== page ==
A 16-year-old Indian-American student has created a low-cost hearing aid costing merely USD 60 to help those who cannot afford expensive hearing devices.
When Mukund Venkatakrishnan of Kentuckys Louisville city visited India, he was tasked with helping his grandfather get tested and fitted for a hearing aid. During the doctor visits, he saw what a costly and difficult process it was. He resolved to find an alternative.
“Since audiologists are specialists, even finding and getting an appointment with one in India was really hard,” said Mukund.
Mukund said they spent about $400 or $500 on doctor’s appointments and about $1,900 on the hearing aid itself. “We got ripped off” he said
He was 14 when he started working on the device. It took him 2 years to get the device ready. He recently presented it at the Jefferson County Public Schools Idea Fest and won first place at the Kentucky State Science and Engineering Fair.
Working with the doctors, he conducted tests on patients with hearing loss to make sure his device was accurate.
“Really I started online. I looked up ‘how to program’ online and taught myself how to program,” he said.
The device is built to first; test hearing by playing several different sounds at seven different frequencies through headphones. It then programs itself to be a hearing aid, amplifying volume based on the test results.
It only costs about $50 to make and can be used with even the cheapest set of headphones.
Unlike with traditional hearing aids, if the ear piece gets damaged it isn’t costly to replace — you just buy another set of ear buds.
In its current form, the device is about two inches and looks like a computer processor. Venkatakrishnan is planning to bring it down to about one inch and encase the operating system. He envisions the device, which has a standard headphone port, fitting into someone’s pocket.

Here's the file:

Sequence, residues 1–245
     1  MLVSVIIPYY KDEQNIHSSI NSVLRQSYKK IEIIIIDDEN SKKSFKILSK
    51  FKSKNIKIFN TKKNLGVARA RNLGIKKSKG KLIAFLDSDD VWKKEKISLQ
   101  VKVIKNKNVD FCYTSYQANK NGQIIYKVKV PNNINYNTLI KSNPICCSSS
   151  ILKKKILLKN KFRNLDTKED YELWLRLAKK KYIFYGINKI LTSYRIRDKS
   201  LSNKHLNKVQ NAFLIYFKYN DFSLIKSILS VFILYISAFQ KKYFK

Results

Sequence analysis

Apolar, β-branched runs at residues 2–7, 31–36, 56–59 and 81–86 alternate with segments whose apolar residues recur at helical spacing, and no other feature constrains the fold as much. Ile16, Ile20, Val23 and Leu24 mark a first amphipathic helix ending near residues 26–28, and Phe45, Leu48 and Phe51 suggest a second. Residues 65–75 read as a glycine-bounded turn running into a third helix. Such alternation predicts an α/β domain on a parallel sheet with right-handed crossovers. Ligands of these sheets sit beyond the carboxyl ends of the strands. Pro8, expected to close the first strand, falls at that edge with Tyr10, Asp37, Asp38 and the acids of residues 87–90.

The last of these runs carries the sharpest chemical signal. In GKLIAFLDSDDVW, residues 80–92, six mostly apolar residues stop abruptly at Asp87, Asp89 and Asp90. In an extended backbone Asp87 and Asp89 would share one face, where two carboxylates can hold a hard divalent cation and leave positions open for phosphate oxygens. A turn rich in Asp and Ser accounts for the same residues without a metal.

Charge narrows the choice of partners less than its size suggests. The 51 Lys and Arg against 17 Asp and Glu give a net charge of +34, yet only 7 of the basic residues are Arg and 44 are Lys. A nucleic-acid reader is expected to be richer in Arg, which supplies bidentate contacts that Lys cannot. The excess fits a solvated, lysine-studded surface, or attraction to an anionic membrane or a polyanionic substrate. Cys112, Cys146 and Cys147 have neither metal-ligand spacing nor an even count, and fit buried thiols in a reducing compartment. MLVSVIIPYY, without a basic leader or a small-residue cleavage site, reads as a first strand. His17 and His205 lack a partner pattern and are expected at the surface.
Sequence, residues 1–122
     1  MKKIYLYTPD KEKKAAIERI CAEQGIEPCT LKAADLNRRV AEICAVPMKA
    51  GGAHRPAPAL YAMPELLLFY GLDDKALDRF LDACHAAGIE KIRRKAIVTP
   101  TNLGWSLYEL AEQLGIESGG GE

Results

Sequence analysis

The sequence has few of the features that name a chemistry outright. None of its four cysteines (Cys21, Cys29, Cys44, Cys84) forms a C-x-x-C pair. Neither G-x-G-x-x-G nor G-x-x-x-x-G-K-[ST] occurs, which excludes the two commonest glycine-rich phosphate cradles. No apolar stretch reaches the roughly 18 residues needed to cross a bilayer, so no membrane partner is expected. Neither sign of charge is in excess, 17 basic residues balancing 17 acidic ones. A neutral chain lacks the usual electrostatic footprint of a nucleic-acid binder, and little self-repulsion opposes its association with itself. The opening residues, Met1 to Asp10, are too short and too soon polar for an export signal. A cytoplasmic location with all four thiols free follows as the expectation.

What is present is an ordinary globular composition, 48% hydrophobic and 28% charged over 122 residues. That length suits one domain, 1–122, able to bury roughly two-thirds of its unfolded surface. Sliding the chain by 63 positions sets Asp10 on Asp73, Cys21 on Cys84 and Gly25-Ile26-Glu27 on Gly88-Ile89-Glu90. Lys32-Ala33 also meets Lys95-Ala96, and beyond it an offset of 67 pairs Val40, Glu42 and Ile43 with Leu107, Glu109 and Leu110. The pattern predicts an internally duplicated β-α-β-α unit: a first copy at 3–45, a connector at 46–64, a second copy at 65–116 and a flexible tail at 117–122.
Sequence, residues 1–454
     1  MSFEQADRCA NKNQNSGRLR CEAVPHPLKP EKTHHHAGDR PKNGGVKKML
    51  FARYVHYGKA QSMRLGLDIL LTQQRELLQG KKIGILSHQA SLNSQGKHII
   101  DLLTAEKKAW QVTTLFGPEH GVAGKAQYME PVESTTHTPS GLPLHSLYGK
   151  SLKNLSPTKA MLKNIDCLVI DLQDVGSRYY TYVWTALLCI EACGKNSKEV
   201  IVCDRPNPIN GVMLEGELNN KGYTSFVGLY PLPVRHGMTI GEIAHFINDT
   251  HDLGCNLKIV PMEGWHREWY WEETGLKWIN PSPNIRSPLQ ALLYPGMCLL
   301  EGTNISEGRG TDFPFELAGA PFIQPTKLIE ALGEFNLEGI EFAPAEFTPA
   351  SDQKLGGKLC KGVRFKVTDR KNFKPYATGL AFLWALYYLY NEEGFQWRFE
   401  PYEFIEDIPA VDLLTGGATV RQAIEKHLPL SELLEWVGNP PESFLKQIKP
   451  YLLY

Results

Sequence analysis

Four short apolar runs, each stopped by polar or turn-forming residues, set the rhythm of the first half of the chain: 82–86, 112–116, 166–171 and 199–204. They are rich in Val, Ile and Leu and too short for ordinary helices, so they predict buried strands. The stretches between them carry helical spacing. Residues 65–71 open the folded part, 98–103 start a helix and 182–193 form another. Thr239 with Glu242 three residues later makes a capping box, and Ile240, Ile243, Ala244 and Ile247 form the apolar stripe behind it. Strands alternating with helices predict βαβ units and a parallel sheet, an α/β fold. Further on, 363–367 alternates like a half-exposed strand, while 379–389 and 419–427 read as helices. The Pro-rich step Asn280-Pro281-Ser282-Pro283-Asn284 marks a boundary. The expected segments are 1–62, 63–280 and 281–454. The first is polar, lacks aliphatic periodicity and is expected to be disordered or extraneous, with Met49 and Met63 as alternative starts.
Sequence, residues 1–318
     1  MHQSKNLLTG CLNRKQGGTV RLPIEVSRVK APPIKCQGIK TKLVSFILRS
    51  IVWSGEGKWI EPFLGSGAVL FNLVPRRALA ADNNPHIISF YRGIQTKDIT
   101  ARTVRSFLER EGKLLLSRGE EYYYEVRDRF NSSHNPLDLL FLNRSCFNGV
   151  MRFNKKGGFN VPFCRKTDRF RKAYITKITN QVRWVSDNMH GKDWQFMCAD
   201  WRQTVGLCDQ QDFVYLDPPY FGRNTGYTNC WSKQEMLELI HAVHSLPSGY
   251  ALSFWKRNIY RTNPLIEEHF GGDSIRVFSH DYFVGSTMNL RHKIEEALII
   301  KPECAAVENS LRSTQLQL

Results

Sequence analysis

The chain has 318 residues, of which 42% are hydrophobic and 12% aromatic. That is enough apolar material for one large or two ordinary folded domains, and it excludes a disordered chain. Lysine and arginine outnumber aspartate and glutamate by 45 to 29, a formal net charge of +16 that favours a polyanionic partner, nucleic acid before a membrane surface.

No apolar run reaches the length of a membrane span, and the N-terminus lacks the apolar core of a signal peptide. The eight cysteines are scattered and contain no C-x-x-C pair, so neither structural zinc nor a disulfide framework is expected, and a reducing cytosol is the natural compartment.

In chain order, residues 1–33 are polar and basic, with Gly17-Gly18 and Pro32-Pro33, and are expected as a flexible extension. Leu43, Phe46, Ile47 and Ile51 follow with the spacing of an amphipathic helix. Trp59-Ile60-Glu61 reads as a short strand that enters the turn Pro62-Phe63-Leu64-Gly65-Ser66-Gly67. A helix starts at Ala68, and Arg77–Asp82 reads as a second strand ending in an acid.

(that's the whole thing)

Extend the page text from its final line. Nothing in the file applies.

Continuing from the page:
“It eliminates the need for a doctor altogether,” Mukund was quoted as saying. “It’s really, in essence, just amplifiers, just increase the volume based on how much hearing loss you have and it’s crazy that they cost $1,500 each, when you can do it for $60.”
He spent hours a day working at FirstBuild, near the University of Louisville campus. Even when the building was closing, Mukund would continue working into the night, weekdays and weekends, whatever it took to complete the device.
“I’m kinda surprised it turned out OK,” Mukund said reported Wave. “It’s hard to like, see something like this working. I wanted to quit a lot of times in the middle. Everything was going wrong all the time. You never knew if something was going to work or not.”
But he didn’t quit. And that’s because his motivation goes deeper his natural drive and persistence. He visited his grandfather two years ago in India and learned he was suffering from hearing loss.
While Venkatakrishnan is eager to make a difference, he isn’t trying to make money off his invention.
He’s adamant that the audio software remain open source so other developers can modify and tweak it.
His goal is to distribute the device to people with hearing loss who can not afford a USD 1,000 hearing aid. Various foundations are reaching out to Mukund to help mass produce and distribute it.
Mukund said that he would visit his grandfather in Bangalore, India this summer and deliver the hearing aid.